Consider a Java (1.6.0_21 or 1.7.0_03)
TreeMap<String, Double> map = new TreeMap<String, Double>(); map.put("m", 1.0);
We can extract the set of keys using
map.navigableKeySet() // --> [m]
We can also ask for all of the keys on or after "a"::
map.navigableKeySet().tailSet("a") // --> [m]
Or we can ask for all of the keys between "e" and "q" (exclusive):
subset = map.navigableKeySet().subSet("e", false, "q", false); subset // --> [m]
A limitation arises if we attempt to process this last subset further. Let's say that another component, unaware of how this subset was generated, attempts to find all keys after "d":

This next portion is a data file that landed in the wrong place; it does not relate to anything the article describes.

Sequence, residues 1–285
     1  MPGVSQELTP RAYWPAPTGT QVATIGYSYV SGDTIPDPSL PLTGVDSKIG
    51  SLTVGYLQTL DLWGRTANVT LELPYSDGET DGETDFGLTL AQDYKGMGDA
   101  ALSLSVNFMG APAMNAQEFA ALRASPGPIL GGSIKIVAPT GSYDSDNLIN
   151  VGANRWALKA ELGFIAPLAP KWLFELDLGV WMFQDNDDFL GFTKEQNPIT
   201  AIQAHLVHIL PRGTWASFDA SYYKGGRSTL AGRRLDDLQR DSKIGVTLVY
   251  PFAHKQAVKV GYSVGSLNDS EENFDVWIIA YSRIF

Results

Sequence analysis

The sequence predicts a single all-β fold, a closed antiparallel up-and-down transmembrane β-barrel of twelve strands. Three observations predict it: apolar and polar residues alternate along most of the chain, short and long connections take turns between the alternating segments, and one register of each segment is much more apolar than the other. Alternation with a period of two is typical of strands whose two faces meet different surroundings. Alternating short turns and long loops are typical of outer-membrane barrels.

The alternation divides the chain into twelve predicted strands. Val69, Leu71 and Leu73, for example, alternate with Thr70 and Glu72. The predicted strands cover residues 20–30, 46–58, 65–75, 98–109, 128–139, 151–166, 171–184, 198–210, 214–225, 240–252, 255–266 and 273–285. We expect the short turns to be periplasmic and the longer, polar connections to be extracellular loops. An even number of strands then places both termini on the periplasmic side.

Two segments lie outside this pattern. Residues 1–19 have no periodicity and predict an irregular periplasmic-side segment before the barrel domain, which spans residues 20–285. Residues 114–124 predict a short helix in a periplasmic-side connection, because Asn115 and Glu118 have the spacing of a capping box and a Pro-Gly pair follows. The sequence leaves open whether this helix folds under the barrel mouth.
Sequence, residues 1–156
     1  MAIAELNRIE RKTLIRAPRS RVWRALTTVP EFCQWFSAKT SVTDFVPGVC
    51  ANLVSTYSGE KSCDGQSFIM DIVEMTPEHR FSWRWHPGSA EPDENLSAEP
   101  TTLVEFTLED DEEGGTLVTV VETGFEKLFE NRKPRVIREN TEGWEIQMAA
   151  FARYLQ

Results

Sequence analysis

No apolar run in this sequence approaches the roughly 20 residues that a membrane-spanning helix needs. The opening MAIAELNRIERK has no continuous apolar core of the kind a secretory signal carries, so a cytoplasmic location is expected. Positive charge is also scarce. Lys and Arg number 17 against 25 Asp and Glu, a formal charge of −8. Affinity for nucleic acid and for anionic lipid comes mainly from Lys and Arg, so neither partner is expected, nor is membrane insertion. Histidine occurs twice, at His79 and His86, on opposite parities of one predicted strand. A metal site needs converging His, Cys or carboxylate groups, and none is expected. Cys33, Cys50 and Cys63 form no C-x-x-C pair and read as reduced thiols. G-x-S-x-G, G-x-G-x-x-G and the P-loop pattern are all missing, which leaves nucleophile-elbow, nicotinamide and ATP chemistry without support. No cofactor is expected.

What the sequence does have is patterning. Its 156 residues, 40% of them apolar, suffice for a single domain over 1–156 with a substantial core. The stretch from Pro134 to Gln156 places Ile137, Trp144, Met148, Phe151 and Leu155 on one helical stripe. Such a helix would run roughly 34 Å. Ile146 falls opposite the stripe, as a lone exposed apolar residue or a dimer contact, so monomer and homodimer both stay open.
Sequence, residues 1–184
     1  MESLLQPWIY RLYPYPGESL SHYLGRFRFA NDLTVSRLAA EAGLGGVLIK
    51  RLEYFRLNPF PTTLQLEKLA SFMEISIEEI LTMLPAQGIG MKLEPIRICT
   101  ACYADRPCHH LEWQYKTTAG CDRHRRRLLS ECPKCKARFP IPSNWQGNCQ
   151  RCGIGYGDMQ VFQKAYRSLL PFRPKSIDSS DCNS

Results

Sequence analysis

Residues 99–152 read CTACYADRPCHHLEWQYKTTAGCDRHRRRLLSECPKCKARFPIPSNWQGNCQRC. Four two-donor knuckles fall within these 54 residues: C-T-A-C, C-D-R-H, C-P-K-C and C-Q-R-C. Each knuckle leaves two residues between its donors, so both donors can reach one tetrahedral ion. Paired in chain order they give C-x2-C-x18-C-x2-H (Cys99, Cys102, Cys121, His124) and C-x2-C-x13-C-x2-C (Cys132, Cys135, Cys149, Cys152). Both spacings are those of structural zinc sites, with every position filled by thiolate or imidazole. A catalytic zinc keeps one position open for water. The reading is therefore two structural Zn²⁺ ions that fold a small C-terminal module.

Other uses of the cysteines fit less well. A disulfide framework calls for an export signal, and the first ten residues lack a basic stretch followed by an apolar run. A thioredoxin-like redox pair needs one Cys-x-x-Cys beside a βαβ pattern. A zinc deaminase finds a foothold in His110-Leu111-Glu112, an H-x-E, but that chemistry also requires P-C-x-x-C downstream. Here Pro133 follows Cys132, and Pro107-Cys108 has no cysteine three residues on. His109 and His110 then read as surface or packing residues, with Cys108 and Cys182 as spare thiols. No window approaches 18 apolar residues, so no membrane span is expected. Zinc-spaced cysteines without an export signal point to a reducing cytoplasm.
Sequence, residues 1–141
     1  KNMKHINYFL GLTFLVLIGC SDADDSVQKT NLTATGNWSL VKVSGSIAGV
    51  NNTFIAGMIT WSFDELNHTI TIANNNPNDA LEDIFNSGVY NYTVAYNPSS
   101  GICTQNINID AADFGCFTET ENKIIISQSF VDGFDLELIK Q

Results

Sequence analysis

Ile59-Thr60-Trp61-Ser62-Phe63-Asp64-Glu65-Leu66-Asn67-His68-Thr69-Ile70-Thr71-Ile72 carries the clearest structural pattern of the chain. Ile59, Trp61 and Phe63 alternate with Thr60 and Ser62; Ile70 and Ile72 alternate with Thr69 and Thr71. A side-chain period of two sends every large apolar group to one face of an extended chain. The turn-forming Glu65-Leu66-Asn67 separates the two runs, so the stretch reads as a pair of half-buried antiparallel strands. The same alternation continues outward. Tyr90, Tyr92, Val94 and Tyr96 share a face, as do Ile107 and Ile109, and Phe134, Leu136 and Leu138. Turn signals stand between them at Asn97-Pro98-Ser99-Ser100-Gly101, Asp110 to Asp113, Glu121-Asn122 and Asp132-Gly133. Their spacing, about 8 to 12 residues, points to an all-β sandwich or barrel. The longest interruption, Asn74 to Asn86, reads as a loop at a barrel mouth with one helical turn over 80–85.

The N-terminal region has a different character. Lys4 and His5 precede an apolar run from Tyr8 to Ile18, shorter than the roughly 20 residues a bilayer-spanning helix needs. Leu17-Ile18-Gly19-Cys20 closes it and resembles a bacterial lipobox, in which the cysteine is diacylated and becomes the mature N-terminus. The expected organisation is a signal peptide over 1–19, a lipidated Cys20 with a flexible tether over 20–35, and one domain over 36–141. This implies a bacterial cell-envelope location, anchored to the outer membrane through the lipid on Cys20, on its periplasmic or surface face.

subset.tailSet("d") // java.lang.IllegalArgumentException: fromKey out of range
This last expression throws an exception. The documentation for NavigableSet#subset() states that:
The returned set will throw an
IllegalArgumentExceptionon an attempt to insert an element outside its range.
Apparently, it also throws that exception even if you simply attempt to reference a key outside of its range. I suppose that it is (barely) defensible behaviour on the grounds that client code that is aware of the lineage of the subset may then later attempt to insert elements into the resulting tail-set that were outside of the original subsetted range. However, I would argue that the exception should be thrown if such an attempt were actually made, rather than just because it potentially could be made. I claim that this is a bug.